Miter Saw Stand Stops




Introduction: Miter Saw Stand Stops

About: Was raised in my Dad's workshop in the 60's and 70's. Off and on woodworker. But now have the workshop I've always wanted. Love making things in the workshop. As my Dad would say, "Don't throw that away...

My miter stand stop made of scrap wood around the shop. I made this piece out of pine 3/4" X 10" and a scrap 2X4 longer than 8" . I was making deck furniture out of leftover decking and wanted something to help get all the legs cut the same length. I look at all the plans to make a miter stand, but that seem overboard for my need. Now if precision cutting is what you want, by all means the "Mac Daddy" stand may be your best plan (I like using "Mac Daddy", my dad who taught me woodworking at very young age, was named Mac).

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Step 1: Material

As you can see, this plan consist of only a screwdriver, drill, table saw, miter saw, glue, screws (I used Sheetrock screws), a length of 2 X 4, and 30" of 3/4 X 10" board. I plan to use hardwood on the improved version just for the durability. A jig saw, circular saw or band saw can be use to cut the wood in the needed dimensions.

Step 2: Getting the Measurements

First I removed the miter stand out-feed roller and measured the support. Width of the roller assembly and the length of the support. I also measured the out-feed slide where the roller support goes into. Now we have the measurements to make our support snug but not too tight. I ripped the 2X4 to 1.25" X 1.25" for the stop support and it fit perfectly into the support guide. Next I cut the the support to 8 inches (same as the factory roller support).

Next I cut the board into 10" lengths (2). I got the length by measuring the roller on the support that came with the miter stand. One will be used for the base of the stop and the other I ripped in half and it will be the vertical stop attached to the base. Now we are ready for assembly.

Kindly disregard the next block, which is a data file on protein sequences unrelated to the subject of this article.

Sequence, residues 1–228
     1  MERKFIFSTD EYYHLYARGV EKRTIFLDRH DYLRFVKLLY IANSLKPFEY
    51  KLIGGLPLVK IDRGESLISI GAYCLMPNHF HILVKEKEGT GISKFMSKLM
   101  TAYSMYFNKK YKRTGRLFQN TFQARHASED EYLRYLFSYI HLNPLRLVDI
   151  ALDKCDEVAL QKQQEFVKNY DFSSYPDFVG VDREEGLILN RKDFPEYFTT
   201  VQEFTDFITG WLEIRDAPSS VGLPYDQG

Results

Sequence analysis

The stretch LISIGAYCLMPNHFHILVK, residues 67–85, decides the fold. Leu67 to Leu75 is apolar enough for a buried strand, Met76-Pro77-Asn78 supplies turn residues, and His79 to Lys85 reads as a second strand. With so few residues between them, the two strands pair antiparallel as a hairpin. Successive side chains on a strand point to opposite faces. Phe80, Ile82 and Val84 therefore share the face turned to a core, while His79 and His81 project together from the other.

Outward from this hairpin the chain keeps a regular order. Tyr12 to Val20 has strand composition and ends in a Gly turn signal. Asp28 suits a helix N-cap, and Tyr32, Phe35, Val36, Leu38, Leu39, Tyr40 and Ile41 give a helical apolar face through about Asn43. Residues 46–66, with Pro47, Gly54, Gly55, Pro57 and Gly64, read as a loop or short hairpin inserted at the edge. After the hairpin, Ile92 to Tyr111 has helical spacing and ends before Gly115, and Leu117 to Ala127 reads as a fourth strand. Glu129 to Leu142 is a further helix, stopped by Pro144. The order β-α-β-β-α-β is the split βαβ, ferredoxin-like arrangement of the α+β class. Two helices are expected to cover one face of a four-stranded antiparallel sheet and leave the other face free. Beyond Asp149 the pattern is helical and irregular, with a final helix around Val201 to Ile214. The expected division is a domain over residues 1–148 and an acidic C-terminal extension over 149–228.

Step 3:

I took the narrow stop board and formed an "L" or 90 degree and marked the base so I would know where to pre-drill for the screws. I drilled 4 holes in the base and used a countersink for the screws. I applied a film amount of glue at the joint area and clamped the stop board flush with the bench, aligned the boards and screwed them together.

Step 4: Installing the Support

Next I installed the support that attaches to the miter stand. I turn the stop assembly over and traced the support in the center of the base(small board off the end of the bench with the base supported by the bench top).

Next I used a square to make sure my support and stop where square with each other. I drilled a center hole and two additional holes (countersink with small bit) inside the traced area. I then turned the stop with the base (wider board) stand up and the stop side (smaller width) flat on the bench. I took scrap pieces stacked to align the support level with the bottom line of the traced area on the underside of the base. Pre-drilled the center hole into the support and screwed the two together. I used flat scrap boards to align the support to the base, so after the center screw is in I pre-drilled the 2 remaining holes and screwed the support to the base. I checked for square and it was as the stacked boards under the support when installing the support provided a square reference.

Step 5: Final Check

now to check the final fit. The support adjusted low and high enough for any task and the stop can be turned 180 degrees for shorter cuts.

It was cheap and easy and only took about an hour to cut and assemble.

Before you start, Safety first..use all safety equipment and procedures.

Now go make some sawdust.

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    2 Discussions


    2 years ago

    It looks like the original rollers had a stop built in. Did you build this cause you needed more surface area than what the rollers provided?


    Reply 2 years ago

    Yes, also I needed something with more height than the roller support.